His articles in the areas of Criminal Law have been published in The New Jersey Law Journal.

He is a distinguished author, trial attorney, and has had the privilege of arguing before the New Jersey Supreme Court.

Prior to becoming an attorney, Mr. Peyrouton was a world-class, competitive tennis player.

He is perfectly fluent in Spanish.

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About the Author

Attorney At Law

Mr. Peyrouton is a Criminal Defense Attorney located in Hackensak, NJ.

His articles in the areas of Criminal Law have been published in The New Jersey Law Journal.

He is a distinguished author, trial attorney, and has had the privilege of arguing before the New Jersey Supreme Court.

Prior to becoming an attorney, Mr. Peyrouton was a world-class, competitive tennis player.

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NJSA - 2C:43-7.2.
Eligibility for parole;
persons convicted of certain violent crimes

a. A court imposing a sentence of incarceration for a crime of the first or second degree enumerated in subsection d. of this section shall fix a minimum term of 85% of the sentence imposed, during which the defendant shall not be eligible for parole.


b. The minimum term required by subsection a. of this section shall be fixed as a part of every sentence of incarceration imposed upon every conviction of a crime enumerated in subsection d. of this section, whether the sentence of incarceration is determined pursuant to N.J.S.2C:43-6, N.J.S.2C:43-7, N.J.S.2C:11-3 or any other provision of law, and shall be calculated based upon the sentence of incarceration actually imposed. The provisions of subsection a. of this section shall not be construed or applied to reduce the time that must be served before eligibility for parole by an inmate sentenced to a mandatory minimum period of incarceration. Solely for the purpose of calculating the minimum term of parole ineligibility pursuant to subsection a. of this section, a sentence of life imprisonment shall be deemed to be 75 years.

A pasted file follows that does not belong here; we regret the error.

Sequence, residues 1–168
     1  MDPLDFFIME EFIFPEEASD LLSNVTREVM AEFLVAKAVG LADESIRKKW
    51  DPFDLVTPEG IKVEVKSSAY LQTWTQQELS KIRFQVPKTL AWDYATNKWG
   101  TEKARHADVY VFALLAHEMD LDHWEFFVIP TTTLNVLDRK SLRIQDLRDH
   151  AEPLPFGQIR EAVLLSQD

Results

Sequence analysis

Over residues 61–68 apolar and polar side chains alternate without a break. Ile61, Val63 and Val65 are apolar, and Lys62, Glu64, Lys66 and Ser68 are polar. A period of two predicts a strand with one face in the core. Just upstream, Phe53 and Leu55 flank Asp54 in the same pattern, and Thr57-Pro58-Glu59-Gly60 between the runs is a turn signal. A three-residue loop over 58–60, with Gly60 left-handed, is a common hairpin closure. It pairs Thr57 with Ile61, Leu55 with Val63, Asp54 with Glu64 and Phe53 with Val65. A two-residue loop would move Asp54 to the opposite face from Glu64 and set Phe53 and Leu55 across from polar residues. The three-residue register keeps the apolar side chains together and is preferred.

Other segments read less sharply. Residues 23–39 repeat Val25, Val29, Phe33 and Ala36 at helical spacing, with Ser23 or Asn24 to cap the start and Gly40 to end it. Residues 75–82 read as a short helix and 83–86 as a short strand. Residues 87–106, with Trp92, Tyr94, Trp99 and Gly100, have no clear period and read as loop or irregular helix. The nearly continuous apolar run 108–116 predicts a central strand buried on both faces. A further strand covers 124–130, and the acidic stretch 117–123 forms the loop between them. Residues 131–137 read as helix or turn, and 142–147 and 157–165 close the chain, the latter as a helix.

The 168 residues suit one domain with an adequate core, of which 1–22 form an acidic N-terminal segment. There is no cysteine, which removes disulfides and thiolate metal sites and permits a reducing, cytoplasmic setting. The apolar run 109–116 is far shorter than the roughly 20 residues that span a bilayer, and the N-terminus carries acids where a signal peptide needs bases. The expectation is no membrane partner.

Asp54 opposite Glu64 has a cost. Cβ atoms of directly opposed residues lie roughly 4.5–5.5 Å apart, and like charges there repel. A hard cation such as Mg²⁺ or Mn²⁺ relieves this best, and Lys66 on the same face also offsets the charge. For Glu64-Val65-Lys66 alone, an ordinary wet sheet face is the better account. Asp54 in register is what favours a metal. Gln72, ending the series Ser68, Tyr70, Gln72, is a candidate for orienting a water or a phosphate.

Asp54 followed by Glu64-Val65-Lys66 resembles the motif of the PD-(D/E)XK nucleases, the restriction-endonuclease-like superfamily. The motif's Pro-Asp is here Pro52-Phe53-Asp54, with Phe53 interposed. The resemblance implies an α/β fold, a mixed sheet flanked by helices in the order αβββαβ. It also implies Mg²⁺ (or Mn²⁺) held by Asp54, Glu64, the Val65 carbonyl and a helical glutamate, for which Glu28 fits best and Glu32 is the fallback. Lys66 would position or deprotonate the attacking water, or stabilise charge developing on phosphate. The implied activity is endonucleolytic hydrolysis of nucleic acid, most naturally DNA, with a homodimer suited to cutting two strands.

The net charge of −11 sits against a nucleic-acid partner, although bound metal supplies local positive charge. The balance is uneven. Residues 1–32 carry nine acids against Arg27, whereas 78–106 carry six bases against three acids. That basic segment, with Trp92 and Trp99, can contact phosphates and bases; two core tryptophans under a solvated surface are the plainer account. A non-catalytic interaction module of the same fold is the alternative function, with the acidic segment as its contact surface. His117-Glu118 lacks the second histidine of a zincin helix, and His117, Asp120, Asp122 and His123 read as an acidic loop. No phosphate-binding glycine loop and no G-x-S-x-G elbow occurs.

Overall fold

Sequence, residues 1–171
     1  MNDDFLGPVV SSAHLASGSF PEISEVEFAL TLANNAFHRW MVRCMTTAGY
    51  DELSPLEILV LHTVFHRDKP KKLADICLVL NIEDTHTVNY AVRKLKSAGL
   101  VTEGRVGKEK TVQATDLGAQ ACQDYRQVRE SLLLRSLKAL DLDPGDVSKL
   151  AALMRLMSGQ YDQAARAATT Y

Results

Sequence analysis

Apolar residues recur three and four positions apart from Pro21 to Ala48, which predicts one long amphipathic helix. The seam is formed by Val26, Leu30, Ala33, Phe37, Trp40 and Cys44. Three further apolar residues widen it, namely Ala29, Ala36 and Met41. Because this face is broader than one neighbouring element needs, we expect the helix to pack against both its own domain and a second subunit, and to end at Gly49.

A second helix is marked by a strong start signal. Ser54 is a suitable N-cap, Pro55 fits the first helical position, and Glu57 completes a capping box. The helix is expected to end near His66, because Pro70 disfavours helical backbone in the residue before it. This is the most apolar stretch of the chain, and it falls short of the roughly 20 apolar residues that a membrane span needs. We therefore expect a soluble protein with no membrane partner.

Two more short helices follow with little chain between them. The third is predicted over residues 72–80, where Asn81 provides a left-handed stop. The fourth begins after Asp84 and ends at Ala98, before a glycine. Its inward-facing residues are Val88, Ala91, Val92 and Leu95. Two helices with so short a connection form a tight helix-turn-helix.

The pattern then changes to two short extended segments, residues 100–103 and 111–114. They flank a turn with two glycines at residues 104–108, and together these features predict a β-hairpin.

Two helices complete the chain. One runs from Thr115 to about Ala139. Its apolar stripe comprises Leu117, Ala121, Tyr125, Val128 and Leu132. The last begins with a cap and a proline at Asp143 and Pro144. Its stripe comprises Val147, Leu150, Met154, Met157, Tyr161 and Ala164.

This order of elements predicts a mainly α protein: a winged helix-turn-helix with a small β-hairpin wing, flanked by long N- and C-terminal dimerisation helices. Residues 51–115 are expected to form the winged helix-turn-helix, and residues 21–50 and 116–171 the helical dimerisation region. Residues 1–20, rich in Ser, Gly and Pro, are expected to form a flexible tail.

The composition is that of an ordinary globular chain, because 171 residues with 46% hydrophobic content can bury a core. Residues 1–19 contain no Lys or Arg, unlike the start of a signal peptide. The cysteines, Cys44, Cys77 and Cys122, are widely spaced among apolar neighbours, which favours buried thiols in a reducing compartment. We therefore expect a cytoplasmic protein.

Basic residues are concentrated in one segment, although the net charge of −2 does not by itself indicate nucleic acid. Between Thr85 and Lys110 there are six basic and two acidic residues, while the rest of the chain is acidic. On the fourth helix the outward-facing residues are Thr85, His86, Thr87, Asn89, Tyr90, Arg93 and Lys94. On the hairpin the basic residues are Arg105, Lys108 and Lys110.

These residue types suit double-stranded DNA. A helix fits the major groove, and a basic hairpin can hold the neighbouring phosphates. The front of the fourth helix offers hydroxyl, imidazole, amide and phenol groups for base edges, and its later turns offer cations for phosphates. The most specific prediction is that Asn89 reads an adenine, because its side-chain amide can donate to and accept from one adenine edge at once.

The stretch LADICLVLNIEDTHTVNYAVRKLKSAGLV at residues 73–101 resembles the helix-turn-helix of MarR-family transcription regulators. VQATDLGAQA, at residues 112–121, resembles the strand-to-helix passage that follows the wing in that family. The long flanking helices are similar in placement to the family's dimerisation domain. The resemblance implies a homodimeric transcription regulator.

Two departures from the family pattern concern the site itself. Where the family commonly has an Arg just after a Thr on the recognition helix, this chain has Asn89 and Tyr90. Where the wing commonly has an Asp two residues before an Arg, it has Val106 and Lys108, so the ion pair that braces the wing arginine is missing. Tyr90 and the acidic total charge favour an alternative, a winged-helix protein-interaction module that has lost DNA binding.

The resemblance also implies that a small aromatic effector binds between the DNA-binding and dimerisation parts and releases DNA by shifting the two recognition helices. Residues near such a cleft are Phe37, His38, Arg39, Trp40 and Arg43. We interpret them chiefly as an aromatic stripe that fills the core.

c. Notwithstanding any other provision of law to the contrary and in addition to any other sentence imposed, a court imposing a minimum period of parole ineligibility of 85 percent of the sentence pursuant to this section shall also impose a five-year term of parole supervision if the defendant is being sentenced for a crime of the first degree, or a three-year term of parole supervision if the defendant is being sentenced for a crime of the second degree. The term of parole supervision shall commence upon the completion of the sentence of incarceration imposed by the court pursuant to subsection a. of this section unless the defendant is serving a sentence of incarceration for another crime at the time he completes the sentence of incarceration imposed pursuant to subsection a., in which case the term of parole supervision shall commence immediately upon the defendant’s release from incarceration. During the term of parole supervision the defendant shall remain in release status in the community in the legal custody of the Commissioner of the Department of Corrections and shall be supervised by the State Parole Board as if on parole and shall be subject to the provisions and conditions

Felony Degree

Prison & Fines

Examples

First-Degree

1st-degree felony charges in NJ are reserved for the most serious criminal offenses.

Second-Degree

2nd-degree felony charges carry 5-10 yrs in prison.
These charges can often be “downgraded” to 3rd or 4th-degree crimes.

Third-Degree

3rd-degree felony charges carry 3-5 years.
You have a good shot at PTI if you are charged with 3rd-degree.

Fourth-Degree

4th-degree felony charges carry up to 18 months in jail. But if you have a really good lawyer, he may be able to your case “remanded” to a lower court. In this way, you will be out of “felony” danger.